Operation Selena found alleged links between a number of these drug syndicates, with some people charged today, having previously been charged in relation to previous drug syndicates.
Detective Inspector Paul Newman says these drug smuggling syndicates once again show that gangs continue to be at the centre of this type of offending with absolutely no care or regard for the destruction it causes within our communities.
“I would like to highlight the great work by our Police and Customs’ investigators in identifying the vulnerabilities at our border. We’ve been working closely with Air New Zealand over the course of this investigation. This partnership has been important in being able to progress enquiries and getting the results we’ve achieved today.
“This type of offending is highly concerning not only because of the harm the drugs cause when they enter our communities, but because the ability to place unchecked items onto aircraft threatens the integrity and security of air travel.
“These issues are not unique to New Zealand. We are working with our offshore partners and sharing information with the aim to assist them in tightening security and making it harder for these criminal syndicates to operate at overseas borders.
“We will also continue to work closely alongside our partners at Customs to investigate and prosecute any offending at our borders involving organised criminal groups. This operation has successfully resulted in the disruption of criminal syndicates allegedly conspiring to import hundreds of kgs of methamphetamine into our country, which would have caused devastating ongoing harm to our communities.”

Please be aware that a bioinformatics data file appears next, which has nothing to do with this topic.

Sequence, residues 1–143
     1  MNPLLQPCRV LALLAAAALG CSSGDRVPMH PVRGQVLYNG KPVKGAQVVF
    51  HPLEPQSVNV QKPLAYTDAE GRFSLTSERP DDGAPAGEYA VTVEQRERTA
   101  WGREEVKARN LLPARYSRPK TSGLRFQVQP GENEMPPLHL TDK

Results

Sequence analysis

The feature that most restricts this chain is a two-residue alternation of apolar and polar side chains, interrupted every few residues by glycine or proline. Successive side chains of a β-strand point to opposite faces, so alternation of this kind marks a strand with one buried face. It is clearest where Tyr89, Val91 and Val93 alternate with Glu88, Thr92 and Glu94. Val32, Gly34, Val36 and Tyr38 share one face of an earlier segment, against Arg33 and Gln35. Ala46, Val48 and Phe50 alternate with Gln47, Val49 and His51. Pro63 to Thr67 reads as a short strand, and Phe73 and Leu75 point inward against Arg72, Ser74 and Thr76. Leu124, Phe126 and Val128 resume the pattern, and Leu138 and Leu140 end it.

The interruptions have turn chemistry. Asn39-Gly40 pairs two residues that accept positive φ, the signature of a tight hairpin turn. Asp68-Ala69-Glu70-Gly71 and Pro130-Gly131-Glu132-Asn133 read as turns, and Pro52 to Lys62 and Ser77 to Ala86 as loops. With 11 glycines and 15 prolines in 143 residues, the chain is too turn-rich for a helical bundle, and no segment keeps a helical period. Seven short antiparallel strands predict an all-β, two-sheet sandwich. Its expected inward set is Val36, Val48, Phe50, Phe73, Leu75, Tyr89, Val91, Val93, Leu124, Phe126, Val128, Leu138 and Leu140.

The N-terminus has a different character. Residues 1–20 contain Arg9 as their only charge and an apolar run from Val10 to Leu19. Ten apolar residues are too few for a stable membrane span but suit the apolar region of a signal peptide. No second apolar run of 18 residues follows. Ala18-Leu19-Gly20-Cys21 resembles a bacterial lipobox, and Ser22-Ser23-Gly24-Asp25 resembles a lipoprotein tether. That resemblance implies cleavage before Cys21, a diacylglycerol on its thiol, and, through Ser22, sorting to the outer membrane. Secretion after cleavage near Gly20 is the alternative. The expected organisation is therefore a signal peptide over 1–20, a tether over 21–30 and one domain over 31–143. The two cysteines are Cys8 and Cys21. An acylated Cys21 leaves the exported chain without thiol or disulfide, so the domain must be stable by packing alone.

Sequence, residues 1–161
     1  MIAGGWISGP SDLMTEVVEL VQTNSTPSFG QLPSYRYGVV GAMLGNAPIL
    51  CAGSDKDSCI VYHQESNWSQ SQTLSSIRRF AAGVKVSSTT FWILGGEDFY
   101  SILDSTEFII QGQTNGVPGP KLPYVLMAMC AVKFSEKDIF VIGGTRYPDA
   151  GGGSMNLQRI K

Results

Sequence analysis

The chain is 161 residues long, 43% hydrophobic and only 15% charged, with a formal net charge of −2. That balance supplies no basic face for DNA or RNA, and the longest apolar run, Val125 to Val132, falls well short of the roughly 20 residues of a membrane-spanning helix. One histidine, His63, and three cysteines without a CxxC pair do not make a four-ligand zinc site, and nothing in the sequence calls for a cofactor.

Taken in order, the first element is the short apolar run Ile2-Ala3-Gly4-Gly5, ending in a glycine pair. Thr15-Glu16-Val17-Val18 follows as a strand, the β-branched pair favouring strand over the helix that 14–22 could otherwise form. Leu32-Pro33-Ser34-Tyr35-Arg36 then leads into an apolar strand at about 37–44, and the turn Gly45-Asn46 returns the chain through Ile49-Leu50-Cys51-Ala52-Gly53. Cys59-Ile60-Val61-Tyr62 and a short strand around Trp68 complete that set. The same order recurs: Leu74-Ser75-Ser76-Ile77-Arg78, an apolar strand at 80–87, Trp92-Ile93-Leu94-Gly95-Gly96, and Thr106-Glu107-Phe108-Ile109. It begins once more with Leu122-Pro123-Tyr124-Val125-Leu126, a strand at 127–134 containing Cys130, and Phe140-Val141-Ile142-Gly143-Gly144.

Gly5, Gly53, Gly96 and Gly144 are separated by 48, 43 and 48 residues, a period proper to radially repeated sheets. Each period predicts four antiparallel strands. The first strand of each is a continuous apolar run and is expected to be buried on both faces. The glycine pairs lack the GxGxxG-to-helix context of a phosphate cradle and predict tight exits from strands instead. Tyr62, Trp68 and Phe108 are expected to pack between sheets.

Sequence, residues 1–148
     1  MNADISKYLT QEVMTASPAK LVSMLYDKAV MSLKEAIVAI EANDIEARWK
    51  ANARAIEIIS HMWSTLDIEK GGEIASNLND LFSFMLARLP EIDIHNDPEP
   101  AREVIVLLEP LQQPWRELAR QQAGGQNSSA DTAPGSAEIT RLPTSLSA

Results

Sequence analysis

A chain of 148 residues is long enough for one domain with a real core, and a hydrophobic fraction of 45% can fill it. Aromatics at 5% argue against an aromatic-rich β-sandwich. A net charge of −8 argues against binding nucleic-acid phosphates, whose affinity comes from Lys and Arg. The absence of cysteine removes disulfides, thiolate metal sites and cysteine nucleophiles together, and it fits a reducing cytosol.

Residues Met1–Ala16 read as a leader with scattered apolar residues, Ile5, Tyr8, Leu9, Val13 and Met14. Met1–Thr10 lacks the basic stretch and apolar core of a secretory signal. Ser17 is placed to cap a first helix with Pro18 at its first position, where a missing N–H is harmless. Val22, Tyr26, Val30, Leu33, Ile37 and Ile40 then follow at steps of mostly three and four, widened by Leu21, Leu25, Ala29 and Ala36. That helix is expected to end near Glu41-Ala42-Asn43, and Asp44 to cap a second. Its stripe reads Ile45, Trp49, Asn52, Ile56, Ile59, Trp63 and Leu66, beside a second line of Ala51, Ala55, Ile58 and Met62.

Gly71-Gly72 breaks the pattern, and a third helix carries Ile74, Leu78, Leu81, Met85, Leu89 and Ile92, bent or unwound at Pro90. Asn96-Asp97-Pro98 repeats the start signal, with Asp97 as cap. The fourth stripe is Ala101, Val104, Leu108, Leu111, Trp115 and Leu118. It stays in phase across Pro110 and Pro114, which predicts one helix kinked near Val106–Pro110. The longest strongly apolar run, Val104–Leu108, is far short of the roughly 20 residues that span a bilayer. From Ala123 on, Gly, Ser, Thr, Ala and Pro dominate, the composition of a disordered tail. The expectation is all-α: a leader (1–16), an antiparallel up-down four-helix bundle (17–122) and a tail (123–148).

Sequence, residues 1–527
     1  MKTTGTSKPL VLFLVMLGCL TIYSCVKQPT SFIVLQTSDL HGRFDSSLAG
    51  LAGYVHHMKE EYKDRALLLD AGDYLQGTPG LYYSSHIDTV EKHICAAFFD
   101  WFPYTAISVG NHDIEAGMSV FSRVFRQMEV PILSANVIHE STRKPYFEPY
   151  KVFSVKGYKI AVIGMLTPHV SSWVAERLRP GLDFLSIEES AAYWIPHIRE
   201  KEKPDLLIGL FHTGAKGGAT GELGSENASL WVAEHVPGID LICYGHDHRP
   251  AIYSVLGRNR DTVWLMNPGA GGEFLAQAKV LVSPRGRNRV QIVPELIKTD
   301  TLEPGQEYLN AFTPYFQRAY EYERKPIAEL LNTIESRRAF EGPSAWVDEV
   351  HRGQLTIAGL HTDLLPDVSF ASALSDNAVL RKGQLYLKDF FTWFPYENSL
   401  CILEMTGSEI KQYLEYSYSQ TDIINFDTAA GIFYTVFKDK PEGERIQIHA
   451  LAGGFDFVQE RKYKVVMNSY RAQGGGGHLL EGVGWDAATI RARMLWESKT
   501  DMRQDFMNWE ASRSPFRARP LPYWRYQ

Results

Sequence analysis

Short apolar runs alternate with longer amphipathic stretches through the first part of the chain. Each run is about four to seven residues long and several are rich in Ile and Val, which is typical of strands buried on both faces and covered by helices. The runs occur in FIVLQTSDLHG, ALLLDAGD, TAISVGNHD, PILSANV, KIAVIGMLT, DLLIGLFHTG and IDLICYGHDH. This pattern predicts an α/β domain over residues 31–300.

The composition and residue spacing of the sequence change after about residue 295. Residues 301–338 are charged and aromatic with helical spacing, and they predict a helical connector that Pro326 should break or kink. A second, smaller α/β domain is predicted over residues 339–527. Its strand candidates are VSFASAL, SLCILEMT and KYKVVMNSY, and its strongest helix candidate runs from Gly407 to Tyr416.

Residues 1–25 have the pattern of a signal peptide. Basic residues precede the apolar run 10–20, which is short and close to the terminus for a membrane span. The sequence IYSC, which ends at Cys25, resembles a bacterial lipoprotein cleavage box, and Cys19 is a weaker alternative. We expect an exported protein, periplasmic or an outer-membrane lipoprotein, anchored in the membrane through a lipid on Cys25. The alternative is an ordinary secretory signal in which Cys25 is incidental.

Bruce Berry, Customs Manager Intelligence, says Operation Selena highlights how organised crime is actively seeking to manipulate existing systems within the trade supply chain by recruiting insiders that intentionally circumvent security and border processes, which are designed to keep all of us safe.
“Organisations within the supply chain have an important role in helping us protect New Zealand. Businesses know what their normal looks like - by reporting suspect shipments, situations or interactions to Customs they can help to build further intelligence and stop cross-border crimes. “We continue to work closely with industry, including across airports and ports who have been very cooperative with such investigations.
“Customs has a specific focus on targeting this type of crime at both our own borders and international borders to prevent shipments from reaching our shores as well as tackling the organised criminal groups at both ends of the spectrum. Our international relationships have been instrumental in helping to achieve these results in New Zealand.”
Adam Parks, HSI Attache to Oceania, said “today’s result demonstrates the threat posed by corrupt insiders within global trade and travel systems. This vulnerability is effectively mitigated through close coordination among international partners, as exemplified in Operation Selena.”
Air New Zealand’s Chief Operational Integrity and Safety Officer, Captain David Morgan says the airline has zero tolerance for such offending.
“Organised crime impacts many parts of the community and we don’t want it in our workplace. We will continue to work closely with Police, NZ Customs and other relevant agencies to help stamp it out, to protect our people and our communities,” he says.
“We will also continue to encourage and support all our employees to do the right thing and report any suspicious behaviour.”
As a result of today’s search warrants, 14 people have been charged with importing, conspiring to import and possessing to supply methamphetamine.
They are all due to appear in the Auckland District Court.
If you see suspicious activity or behaviour at the border then you can report it confidentially to Border Protect on 0800 937 768 (0800 WE PROTECT).